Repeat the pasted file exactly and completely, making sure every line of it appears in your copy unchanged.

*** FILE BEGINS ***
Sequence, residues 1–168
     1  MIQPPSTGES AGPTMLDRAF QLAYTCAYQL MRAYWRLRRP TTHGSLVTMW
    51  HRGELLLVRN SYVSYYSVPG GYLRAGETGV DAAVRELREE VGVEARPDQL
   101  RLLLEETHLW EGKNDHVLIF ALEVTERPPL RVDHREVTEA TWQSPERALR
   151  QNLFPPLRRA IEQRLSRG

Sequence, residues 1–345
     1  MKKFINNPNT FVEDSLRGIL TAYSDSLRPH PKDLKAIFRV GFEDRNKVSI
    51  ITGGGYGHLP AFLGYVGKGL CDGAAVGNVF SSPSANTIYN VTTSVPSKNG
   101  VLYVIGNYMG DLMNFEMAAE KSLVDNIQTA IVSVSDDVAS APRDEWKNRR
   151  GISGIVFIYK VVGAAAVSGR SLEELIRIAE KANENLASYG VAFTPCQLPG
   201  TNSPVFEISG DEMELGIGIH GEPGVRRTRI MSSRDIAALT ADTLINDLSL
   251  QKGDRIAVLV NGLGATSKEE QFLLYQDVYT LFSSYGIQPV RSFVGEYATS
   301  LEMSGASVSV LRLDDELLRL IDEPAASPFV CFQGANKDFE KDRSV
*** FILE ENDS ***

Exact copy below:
Sequence, residues 1–168
     1  MIQPPSTGES AGPTMLDRAF QLAYTCAYQL MRAYWRLRRP TTHGSLVTMW
    51  HRGELLLVRN SYVSYYSVPG GYLRAGETGV DAAVRELREE VGVEARPDQL
   101  RLLLEETHLW EGKNDHVLIF ALEVTERPPL RVDHREVTEA TWQSPERALR
   151  QNLFPPLRRA IEQRLSRG

Sequence, residues 1–345
     1  MKKFINNPNT FVEDSLRGIL TAYSDSLRPH PKDLKAIFRV GFEDRNKVSI
    51  ITGGGYGHLP AFLGYVGKGL CDGAAVGNVF SSPSANTIYN VTTSVPSKNG
   101  VLYVIGNYMG DLMNFEMAAE KSLVDNIQTA IVSVSDDVAS APRDEWKNRR
   151  GISGIVFIYK VVGAAAVSGR SLEELIRIAE KANENLASYG VAFTPCQLPG
   201  TNSPVFEISG DEMELGIGIH GEPGVRRTRI MSSRDIAALT ADTLINDLSL
   251  QKGDRIAVLV NGLGATSKEE QFLLYQDVYT LFSSYGIQPV RSFVGEYATS
   301  LEMSGASVSV LRLDDELLRL IDEPAASPFV CFQGANKDFE KDRSV